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stepping stones of maritime history

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History

Nieuw Walcheren

The island off the north coast of South-America known today as Tobago,was first colonized by the Dutch West India Company in 1628. Nieuw Walcheren, as they called it, provided the Dutch with an abundance of local products, such as sugar, rum and cacao. The island would play an important role in the trans-Atlantic slave trade for several years.

 

After the second and third Anglo-Dutch wars of 1665-1667 and 1672-1674, during which the island temporarily fell to buccaneers and to the British, the colony was left devastated, and had to be resettled. The arrival of 500 new colonists on the island in June 1676 and the building of the Sterreschans fortress would, however, not restore Dutch control overNieuw Walcheren for long, as a former ally to the British - France - had also set its eye on the island.

The bay of Nieuw Vlissingen (Scarborough, Tobago) as depicted by Johannes Vingboons, 1665.

 

The 1677 battle of Scarborough

 On March 3rd 1677 the French fleet, under command of Vice Admiral Jean II Comted'Estrees, launched an attack on Nieuw Vlissingen, the main settlement on the island, now named Scarborough. After an initial failed attempt to take the Sterreschans overland, d'Estrees decided on a final two-pronged attack from both sea and land. Both sides suffered severe losses: the French lost five of their vessels, including their flagship Le Glorieux, and around a thousand men. The Dutch lost ten of their ships (see table below), but managed to repel the attack, only to suffer a final defeat in December the same year.

Map of the Battle of Scarborough, 1677. The French fleet is approaching from the East.

Tobago 1677 Shipwreck Project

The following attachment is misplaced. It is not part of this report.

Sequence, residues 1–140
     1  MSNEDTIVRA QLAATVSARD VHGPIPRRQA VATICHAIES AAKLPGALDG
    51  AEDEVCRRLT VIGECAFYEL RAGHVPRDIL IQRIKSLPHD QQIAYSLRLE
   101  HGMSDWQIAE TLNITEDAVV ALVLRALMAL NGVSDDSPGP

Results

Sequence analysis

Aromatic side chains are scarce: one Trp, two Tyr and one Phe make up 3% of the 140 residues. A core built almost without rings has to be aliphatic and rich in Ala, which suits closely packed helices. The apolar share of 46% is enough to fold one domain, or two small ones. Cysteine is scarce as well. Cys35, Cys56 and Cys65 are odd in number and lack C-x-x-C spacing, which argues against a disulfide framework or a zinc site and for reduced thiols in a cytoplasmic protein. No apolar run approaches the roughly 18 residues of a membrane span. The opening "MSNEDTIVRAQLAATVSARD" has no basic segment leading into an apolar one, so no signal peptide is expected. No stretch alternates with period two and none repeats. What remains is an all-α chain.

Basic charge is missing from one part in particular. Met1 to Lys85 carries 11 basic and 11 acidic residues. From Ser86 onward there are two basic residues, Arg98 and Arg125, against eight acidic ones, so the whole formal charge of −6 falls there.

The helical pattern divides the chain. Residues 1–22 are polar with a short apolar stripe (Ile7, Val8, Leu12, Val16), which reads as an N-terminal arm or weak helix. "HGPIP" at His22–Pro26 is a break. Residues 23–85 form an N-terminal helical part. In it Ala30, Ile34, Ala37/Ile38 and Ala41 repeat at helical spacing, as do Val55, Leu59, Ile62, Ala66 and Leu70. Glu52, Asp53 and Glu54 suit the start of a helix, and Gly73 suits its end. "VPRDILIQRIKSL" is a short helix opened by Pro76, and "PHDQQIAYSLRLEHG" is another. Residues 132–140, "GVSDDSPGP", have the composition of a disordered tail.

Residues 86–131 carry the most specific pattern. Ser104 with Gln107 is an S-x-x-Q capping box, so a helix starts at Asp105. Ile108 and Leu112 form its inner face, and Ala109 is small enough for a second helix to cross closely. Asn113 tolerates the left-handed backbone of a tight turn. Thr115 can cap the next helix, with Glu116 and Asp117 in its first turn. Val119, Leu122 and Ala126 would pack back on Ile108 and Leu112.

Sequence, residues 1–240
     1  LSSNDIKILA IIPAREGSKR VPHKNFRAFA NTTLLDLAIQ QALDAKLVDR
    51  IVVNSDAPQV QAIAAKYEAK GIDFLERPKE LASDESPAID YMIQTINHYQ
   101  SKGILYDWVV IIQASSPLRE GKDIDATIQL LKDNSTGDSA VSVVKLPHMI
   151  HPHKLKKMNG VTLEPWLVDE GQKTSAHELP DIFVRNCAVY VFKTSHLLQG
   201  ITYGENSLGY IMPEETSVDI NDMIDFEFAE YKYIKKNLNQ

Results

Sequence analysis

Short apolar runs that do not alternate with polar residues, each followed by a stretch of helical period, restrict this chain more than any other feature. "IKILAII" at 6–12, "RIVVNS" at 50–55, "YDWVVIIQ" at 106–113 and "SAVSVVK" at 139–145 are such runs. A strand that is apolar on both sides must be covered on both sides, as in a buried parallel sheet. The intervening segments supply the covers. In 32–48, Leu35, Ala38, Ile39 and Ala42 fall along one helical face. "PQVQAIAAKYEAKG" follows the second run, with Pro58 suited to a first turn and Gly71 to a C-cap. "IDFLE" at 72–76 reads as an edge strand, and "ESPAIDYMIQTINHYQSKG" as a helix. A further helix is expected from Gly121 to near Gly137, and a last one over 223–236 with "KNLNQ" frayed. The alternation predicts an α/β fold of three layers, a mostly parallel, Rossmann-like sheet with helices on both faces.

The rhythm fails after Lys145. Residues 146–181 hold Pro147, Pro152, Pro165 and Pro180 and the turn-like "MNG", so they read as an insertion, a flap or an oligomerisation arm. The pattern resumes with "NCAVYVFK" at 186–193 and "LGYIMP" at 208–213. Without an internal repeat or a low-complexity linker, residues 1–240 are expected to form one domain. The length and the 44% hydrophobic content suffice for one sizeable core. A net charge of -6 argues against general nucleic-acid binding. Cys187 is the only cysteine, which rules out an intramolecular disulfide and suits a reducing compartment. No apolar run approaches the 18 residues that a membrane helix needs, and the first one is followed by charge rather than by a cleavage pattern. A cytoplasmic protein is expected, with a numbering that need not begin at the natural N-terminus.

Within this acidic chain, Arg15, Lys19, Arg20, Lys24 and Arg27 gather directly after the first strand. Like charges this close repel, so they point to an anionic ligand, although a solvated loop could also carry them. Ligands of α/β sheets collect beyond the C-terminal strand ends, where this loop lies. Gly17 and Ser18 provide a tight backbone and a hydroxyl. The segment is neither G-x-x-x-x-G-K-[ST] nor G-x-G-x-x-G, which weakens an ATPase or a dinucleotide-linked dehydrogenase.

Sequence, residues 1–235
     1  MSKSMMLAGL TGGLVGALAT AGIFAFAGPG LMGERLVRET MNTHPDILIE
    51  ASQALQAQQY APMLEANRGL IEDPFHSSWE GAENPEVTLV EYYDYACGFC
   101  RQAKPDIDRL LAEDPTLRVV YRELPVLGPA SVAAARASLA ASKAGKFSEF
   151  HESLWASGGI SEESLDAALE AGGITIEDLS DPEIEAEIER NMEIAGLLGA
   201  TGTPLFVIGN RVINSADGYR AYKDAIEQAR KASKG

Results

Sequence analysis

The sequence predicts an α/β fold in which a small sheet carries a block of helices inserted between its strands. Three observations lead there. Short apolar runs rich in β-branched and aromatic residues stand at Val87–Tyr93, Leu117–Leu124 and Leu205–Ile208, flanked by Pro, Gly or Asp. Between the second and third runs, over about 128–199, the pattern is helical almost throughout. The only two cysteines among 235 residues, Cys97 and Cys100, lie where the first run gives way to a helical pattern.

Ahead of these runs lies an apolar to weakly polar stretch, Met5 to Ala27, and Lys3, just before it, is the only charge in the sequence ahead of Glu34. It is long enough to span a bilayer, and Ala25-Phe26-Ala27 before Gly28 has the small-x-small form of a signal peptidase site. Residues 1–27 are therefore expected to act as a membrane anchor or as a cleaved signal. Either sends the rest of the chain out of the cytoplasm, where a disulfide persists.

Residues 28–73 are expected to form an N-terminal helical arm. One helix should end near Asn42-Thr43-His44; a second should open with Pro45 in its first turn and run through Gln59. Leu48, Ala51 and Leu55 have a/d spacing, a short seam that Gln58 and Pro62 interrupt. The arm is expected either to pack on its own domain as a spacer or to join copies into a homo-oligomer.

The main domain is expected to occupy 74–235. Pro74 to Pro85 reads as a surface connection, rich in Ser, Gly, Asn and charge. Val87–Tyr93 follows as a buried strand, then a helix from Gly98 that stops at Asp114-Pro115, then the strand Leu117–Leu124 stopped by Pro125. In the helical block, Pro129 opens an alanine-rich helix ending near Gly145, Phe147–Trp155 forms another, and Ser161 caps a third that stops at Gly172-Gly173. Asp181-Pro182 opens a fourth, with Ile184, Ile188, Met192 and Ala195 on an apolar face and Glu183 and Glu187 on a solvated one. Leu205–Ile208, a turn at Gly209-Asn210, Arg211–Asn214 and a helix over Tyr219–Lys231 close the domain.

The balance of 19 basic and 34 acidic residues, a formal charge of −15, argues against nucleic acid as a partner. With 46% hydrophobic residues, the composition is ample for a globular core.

In 1991, during large scale dredging operations in Scarborough harbour, rumours were that many ship's timbers, bottles, clay pipes and coin, were being found at the site. When someone was caught while trying to smuggle a bronze cannon, thought to be from the French flagship Le Glorieux, through the port, the authorities stepped in to protect the remains of the 1677 battle. In the mid 1990's, a magnetometer survey and limited excavations at the site revealed the location of several shipwrecks. Based on the known positions of the ships during the battle, it is likely that those vessels were Dutch.

Within the scope of the Tobago 1677 Shipwreck Project, led by Kroum Batchvarov of the University of Connecticut, preliminary investigations were carried out in 2012. A first systematic investigation of the wrecks will be conducted in 2013. As of now, five wrecks have been investigated, and promise not only to reveal important information about the course of the naval battle at Tobago in 1677 and its consequences, but also to expand our understanding of the technology, economy and environment of the 17th century. Also, project aims to aid Trinidad & Tobago in the protection of underwater heritage by establishing conservation facilities on the island and to provide educational opportunities to local students.

 

Expected wrecks

Dutch

Name

Type

Cannon

Men

Captain

't Huys te Kruyningen

Warship / vice-flag

56

128

Roemer Vlack

Middelburgh

Warship

36

83

Jan Swart

't Wapen van Leyden

Warship

34

73

Galtje Galtjes

De Goude Star

Warship

28

74

Pieter Cooreman

Popjesburgh

Warship

24

52

Pieter Stolwijck

Duc De Jorck

Victualler

26

35

Frederick Sweers

De Goude Munnick

Victualler

31

25

Dirck Schoen

De Sphera Mundi

Victualler

12

10

Wylof Langerijs

De Zayer

Fireship

None

13

Heertje Carstens

De Fortuyn

Advice Yacht

None

25

Jan Erasmus

 
Expected wrecks

French

       
         

Le Glorieux

Warship

72

445

Jean II Comted'Estrees

Le Marquis

Warship

48

300

DeLessine

-

Fireship

None

25

-

-

Swan

None

50

-

-

Gallot

None

50

-

Description

Present Scarborough (Dutch: Nieuw Vlissingen) bay was the site of two naval battles that were fought in 1677 between the Dutch and French fleets. Some of the ships that were lost by the Dutch may have been located recently.

 

Dutch West India Company, Dutch Admiralty, French Navy.

 

Involved institutions: University of Connecticut, Institute of Nautical Archaeology & the Dutch Cultural Heritage Agency.

Fictional depiction of the first battle of Tobago, from Heldendaden der Nederlanders ter Zee, a collection of lithographs by Petrus Johannes Schotel (1808-1865)

East Indiaman

Roman structures